The California-based group's report paints a picture of a federal government increasingly dependent on Google, which has over $40 million in government contracts, most of which are with the Pentagon. The report says many of the contracts were practically handed to Google or that Google was given unfair advantages, sometimes by officials who apparently support company. The Pentagon and security agencies seek sophisticated versions of Google Earth, while the Obama administration set the stage, allegedly unfairly to competitors, for Google's cloud computing applications to spread throughout federal agencies, despite "well-documented" privacy issues, the report said, quoting concerns from officials.
The consumer group calls for a congressional hearing on Google's relationship with the executive branch of the federal government in a Jan. 24 letter to U.S. Rep. Darrell Issa of Southern California. Issa is chairman of the House Oversight and Government Reform Committee. The group wants Google's former CEO Eric Schmidt to testify under oath in a hearing on the various concerns.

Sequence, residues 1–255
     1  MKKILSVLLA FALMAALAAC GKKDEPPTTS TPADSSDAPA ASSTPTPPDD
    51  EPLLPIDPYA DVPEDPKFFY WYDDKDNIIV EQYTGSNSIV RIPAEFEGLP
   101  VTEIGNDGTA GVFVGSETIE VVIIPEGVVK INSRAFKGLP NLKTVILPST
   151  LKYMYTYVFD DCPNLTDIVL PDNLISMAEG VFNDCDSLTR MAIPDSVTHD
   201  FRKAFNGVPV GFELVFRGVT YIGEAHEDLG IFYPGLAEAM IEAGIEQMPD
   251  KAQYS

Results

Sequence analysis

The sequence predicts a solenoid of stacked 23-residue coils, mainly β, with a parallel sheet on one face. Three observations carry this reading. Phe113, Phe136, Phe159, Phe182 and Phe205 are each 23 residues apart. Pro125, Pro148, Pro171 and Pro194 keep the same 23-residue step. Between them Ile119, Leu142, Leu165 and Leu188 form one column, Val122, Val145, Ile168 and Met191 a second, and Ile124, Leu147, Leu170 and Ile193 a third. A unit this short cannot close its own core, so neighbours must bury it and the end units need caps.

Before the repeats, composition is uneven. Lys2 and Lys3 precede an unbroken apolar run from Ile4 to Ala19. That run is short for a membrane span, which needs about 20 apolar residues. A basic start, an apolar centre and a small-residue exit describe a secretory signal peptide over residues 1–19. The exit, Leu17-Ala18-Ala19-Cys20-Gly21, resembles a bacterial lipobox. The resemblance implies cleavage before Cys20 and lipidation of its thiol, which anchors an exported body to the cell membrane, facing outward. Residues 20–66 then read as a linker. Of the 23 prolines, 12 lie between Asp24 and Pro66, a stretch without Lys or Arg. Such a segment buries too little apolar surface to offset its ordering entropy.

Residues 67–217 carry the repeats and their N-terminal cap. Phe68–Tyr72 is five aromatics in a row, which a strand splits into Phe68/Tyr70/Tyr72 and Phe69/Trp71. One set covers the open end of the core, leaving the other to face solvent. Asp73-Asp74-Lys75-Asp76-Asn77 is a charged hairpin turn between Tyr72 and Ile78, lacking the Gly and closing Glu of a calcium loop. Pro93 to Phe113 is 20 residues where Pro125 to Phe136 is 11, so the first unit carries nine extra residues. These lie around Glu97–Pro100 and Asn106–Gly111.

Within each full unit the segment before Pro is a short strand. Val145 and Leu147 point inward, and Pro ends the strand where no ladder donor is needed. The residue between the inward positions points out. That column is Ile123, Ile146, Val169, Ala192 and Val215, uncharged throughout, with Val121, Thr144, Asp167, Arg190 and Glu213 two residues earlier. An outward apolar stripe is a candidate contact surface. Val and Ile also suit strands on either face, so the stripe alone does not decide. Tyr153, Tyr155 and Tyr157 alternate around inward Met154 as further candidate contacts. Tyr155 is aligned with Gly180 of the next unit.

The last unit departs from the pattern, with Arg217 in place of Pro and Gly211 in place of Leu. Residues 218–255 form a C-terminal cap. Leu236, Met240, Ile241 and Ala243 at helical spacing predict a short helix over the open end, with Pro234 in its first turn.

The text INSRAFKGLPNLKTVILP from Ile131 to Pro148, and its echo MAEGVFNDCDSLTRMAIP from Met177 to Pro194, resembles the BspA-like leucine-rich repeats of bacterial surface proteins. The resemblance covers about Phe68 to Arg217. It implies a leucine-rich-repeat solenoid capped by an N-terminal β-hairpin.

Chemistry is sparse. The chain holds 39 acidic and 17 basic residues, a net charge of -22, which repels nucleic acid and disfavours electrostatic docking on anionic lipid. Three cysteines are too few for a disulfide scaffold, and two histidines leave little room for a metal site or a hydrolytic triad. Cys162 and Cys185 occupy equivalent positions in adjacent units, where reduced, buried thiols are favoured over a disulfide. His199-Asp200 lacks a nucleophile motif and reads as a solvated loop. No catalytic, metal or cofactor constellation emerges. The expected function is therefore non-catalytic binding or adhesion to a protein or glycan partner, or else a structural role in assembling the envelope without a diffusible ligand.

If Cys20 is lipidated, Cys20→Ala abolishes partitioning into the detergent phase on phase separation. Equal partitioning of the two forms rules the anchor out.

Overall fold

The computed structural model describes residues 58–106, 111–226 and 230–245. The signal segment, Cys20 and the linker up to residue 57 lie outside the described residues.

The group also criticizes Google for the "Wi-spy" scandal in which Google's Street View cars recorded private data from wireless networks in dozens of countries.
"This is the largest wire-tapping scandal in world history by one of America's biggest and most powerful corporations, yet there has not been a single hearing on Capitol Hill," the group writes in the letter to Issa.
Also questioned is Google's secretive relationship with the National Security Administration, which has the power to force Google to give up the private information of its users.
A Google spokesperson would not answer specific questions about the report, but said, "this is just the latest in a long list of press stunts from an organization that admits to working closely with our competitors."